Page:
The first commercially available mobile phone was the Motorola DynaTAC. It weighed close to a kilo, stood at a foot tall, had a memory of thirty numbers and could only be used for an hour before its batteries ran dead. Since then, information technology has become an integral part of everyday life. Many now possess mobile phones a couple of centimetres thick which allows access to an enormous database of knowledge at the tap of a touchscreen.


Technological advancement is exponential; Moore’s Law states that computer capability doubles around every two years, therefore the average mobile phone today is several thousand times cheaper and more powerful than the sprawling monolithic computers of the Seventies. At the time they were considered alternatively as the cutting edge or as a futile waste of resources, excepting a small commune of neo-Luddites who saw them as evil and organised habitual computer smashing.

The noted futurist Ray Kurzweil uses this exponential theory as the foundation for several predictions of the coming century. A revered name to most of the technological community, in the eighties Kurzweil predicted the development of wireless internet devices and the exact year a computer would beat humans at chess. He also invented the first reading machine for the blind. However with the publication of his new book, The Coming of the Singularity, comes controversy. Kurzweil sees a future in which ‘nanobots’ will integrate into the immune system, eradice disease and enter the nervous system, creating a virtual reality indistinguishable from the real world. Kurzweil believes that in fifteen years we will be able to endow computers with emotional intelligence and by 2045, machines will have surpassed human intelligence and improve their own software design. This is the time described as the singularity, which means a horizon over which it is hard to see.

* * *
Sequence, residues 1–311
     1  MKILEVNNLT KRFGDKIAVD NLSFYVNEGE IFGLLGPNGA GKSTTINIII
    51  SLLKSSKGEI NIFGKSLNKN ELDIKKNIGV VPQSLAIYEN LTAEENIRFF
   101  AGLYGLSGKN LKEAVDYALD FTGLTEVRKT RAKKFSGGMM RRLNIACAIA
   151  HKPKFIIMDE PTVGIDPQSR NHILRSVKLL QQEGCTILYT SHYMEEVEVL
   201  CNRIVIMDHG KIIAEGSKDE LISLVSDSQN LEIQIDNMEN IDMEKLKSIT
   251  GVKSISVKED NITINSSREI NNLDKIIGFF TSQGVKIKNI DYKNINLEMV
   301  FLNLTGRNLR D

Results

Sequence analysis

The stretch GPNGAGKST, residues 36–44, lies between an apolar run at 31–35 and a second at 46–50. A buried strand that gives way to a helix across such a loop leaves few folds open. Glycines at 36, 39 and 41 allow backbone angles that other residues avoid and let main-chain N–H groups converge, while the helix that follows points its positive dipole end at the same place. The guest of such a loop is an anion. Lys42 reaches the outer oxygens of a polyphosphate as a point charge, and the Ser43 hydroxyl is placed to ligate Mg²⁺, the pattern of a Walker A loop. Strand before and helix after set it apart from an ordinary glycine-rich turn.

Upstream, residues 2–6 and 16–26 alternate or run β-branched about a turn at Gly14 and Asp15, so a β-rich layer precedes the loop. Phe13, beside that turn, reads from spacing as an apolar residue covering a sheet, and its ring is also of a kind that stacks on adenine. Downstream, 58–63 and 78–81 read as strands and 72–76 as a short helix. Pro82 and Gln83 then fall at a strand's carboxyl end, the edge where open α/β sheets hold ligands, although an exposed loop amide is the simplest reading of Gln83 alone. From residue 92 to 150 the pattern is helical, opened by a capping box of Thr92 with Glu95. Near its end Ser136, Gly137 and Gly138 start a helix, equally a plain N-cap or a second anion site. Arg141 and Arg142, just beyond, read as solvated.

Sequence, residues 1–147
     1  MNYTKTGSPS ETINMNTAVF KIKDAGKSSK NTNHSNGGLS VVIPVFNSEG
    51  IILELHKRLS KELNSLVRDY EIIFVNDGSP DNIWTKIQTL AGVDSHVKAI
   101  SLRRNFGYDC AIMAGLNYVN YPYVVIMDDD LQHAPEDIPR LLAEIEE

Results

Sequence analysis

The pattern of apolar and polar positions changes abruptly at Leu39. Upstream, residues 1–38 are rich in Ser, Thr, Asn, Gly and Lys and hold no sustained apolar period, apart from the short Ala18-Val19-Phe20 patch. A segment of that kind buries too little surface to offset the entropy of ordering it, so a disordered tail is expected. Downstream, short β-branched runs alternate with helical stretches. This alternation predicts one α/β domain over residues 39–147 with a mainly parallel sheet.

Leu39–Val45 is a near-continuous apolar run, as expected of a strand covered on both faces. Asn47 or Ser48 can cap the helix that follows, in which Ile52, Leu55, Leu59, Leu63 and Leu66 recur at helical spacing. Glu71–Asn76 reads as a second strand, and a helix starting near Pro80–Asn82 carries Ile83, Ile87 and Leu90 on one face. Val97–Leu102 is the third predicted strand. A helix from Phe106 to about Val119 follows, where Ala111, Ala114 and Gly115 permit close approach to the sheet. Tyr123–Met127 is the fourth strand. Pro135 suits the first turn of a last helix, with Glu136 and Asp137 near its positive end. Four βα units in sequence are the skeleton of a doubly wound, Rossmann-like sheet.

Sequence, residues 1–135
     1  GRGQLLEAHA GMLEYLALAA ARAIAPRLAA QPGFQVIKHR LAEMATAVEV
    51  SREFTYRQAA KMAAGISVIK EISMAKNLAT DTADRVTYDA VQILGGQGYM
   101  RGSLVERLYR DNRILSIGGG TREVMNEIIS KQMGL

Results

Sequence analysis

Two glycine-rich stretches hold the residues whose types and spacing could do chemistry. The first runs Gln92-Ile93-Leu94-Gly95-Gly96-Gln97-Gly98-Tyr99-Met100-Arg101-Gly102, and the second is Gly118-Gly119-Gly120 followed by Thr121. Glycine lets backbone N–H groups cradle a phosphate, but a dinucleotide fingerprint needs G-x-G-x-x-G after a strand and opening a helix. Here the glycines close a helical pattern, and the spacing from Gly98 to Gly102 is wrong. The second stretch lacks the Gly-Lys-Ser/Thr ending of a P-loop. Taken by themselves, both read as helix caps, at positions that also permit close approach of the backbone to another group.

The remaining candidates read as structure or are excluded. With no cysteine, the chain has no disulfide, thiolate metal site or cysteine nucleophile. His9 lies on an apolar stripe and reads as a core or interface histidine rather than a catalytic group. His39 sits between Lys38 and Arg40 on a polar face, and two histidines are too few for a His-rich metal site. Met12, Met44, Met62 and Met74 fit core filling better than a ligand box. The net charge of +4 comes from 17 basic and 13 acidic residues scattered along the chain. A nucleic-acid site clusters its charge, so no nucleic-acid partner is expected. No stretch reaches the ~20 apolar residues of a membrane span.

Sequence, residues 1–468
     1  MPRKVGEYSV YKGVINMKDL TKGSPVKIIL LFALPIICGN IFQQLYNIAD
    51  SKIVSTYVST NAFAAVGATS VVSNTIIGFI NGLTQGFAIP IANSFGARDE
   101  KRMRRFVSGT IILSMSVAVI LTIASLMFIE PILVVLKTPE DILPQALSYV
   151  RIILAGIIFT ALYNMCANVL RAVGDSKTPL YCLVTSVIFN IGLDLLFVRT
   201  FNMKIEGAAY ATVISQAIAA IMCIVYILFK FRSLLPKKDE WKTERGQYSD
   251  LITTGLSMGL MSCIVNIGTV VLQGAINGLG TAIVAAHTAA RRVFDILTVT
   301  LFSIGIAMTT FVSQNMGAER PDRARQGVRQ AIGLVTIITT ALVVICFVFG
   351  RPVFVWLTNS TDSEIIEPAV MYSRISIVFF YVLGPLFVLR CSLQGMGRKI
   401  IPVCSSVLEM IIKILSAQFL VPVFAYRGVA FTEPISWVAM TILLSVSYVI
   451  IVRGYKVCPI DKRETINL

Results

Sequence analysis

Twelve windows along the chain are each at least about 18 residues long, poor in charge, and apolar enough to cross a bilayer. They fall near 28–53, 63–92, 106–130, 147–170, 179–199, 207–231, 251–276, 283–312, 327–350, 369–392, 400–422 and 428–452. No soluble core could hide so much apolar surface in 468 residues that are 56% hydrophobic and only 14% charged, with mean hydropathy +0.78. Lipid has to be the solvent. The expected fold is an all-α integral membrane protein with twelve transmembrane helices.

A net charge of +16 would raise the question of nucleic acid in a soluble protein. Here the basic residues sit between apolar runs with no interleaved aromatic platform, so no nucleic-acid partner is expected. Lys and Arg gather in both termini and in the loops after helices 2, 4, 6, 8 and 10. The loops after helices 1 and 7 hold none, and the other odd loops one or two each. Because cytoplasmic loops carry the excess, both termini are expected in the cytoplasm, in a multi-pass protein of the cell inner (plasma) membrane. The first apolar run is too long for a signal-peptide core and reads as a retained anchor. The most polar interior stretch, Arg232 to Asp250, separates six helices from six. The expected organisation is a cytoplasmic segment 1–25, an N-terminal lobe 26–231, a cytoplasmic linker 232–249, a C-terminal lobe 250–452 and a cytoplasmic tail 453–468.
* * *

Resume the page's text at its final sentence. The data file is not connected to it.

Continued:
These statements have been met with scepticism, as most scientists agree that this could not occur on such a timescale and several neurologists state that the brain is downright non-computable. However, we are undeniably moving closer to an age similar to that which Kurzweil portrays. Artificial intelligence controls 70% of today’s stock market, driverless vehicles have been pioneered and an earthworm’s brain has been simulated in a computer chip. Handled with wisdom and foresight, this technology could transform green living, medicine and give us a lifestyle full of technological luxuries. Who knows what will happen in the future; we should be optimistic and also remember that Ray Kurzweil was right before!